My First Concert is a series of blogs that takes leading music-makers back to their childhoods to recall the formative experiences that led them to a life in music. As he looks forward to conducting the Orchestra of Opera North performing his own score to the classic silent film Wings, composer and conductor Carl Davis CBE recalls his early years in New York.
“My parents, well aware of my passion for music, decided an appropriate seventh birthday present would be an excursion into Manhattan to see the recently released Disney animated film Fantasia. This was a very prophetic move on their part as I have been involved in putting music to pictures ever since.
“Fantasia is, in fact, a concert on film. Some of the world’s most popular classical works and one of the most notorious (I’m thinking of Stravinsky’s The Rite of Spring) performed by the superb Philadelphia Symphony Orchestra, conducted by the flamboyant Leopold Stokowski, make up the soundtrack, brilliantly animated by Walt Disney. I was transfixed. I had a repertoire for life.”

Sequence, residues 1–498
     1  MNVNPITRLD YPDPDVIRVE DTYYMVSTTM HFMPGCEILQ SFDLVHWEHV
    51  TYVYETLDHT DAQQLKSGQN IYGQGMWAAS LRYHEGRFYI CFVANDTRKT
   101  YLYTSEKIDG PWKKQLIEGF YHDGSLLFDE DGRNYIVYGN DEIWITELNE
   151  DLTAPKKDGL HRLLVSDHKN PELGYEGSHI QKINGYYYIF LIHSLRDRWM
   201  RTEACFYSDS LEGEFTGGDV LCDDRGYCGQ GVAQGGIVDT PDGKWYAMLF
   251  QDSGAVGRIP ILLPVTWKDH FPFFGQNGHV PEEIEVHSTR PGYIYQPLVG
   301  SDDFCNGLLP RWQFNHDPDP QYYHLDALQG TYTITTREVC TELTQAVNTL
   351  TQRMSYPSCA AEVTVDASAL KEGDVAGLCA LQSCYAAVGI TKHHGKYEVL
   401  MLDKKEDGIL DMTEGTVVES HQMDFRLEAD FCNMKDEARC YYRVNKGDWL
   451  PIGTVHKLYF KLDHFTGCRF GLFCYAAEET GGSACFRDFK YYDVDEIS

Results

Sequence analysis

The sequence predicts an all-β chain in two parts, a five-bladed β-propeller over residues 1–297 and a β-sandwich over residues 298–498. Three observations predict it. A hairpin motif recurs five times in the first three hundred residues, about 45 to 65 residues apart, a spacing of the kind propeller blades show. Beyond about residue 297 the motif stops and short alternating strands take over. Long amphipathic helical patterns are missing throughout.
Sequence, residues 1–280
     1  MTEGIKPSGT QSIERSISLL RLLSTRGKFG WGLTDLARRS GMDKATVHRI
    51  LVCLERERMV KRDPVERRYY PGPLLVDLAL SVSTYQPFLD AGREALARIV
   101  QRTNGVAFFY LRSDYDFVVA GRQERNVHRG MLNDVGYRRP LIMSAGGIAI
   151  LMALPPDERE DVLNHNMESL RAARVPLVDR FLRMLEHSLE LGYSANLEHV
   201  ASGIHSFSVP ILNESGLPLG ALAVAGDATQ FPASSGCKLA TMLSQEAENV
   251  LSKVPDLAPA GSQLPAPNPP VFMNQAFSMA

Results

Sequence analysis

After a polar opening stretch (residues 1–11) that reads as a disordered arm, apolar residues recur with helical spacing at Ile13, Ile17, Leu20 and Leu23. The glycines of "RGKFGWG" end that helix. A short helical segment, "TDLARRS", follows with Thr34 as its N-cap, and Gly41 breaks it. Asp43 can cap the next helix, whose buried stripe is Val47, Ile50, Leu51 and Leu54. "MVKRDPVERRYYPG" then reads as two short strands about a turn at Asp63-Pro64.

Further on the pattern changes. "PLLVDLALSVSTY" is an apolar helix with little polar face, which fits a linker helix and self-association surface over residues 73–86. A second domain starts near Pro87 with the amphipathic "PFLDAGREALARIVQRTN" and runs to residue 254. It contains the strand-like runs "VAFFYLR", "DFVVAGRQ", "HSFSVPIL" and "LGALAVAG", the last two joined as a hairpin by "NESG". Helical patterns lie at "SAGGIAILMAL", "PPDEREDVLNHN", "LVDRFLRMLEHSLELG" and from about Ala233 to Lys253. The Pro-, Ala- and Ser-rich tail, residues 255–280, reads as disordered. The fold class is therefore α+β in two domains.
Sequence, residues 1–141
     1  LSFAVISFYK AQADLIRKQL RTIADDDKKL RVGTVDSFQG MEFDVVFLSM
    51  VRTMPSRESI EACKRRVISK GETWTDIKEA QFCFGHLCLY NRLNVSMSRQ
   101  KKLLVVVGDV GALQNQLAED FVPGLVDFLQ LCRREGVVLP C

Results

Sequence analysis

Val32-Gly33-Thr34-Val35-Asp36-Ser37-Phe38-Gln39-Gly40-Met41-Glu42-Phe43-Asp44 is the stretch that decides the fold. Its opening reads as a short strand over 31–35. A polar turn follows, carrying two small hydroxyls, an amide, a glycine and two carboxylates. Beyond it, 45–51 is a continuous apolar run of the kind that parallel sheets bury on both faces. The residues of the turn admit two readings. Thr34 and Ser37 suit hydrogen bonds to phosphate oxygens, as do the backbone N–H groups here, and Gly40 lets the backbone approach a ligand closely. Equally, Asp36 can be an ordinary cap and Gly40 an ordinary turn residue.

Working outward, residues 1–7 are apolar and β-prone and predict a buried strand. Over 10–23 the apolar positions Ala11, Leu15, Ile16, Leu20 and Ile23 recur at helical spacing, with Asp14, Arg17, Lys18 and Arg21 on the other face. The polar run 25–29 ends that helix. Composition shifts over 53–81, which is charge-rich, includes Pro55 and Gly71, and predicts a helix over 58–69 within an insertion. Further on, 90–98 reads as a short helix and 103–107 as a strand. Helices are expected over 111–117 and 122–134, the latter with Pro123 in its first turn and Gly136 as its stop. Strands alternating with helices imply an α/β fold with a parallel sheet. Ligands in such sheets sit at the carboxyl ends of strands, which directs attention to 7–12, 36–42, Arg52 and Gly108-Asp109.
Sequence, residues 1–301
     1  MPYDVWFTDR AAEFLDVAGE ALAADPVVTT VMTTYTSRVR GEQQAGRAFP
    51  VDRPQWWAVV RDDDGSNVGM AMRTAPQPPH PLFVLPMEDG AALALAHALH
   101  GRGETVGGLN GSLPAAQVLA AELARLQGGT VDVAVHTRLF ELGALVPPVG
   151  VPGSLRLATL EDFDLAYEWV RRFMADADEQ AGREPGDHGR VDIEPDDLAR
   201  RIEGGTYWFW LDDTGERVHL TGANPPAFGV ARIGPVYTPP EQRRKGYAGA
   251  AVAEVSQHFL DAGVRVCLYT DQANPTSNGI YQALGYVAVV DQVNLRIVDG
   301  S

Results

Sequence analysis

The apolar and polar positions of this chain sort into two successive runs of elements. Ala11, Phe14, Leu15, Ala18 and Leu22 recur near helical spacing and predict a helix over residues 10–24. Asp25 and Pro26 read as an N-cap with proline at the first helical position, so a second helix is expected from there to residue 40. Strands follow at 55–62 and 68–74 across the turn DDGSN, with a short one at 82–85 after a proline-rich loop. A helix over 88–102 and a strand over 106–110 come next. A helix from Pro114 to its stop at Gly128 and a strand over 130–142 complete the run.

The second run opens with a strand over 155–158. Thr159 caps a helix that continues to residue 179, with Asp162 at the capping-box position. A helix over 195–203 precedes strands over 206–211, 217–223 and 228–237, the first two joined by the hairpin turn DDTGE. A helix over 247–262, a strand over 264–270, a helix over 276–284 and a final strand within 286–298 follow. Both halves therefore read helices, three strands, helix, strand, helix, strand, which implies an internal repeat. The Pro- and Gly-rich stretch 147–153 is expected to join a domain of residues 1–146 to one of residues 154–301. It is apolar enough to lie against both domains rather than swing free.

Born in New York in 1936, Carl Davis gained conducting experience in his teens with the New York City Opera and the Robert Shaw Chorale, but he soon decided to focus on composing. In 1959 the revue Diversions, which he co-wrote, won an Off-Broadway Emmy, and its tour to the 1961 Edinburgh Festival brought him to the UK, where he made his home. Soon after he was commissioned to create themes for British TV and radio programmes including That Was The Week That Was, and most famously, the landmark documentary series The World at War.
He is now best known for creating music to accompany silent films, and he will conduct the Orchestra of Opera North’s performance of his own score for the barnstorming 1927 classic Wings, at Huddersfield Town Hall on Thursday 18 October.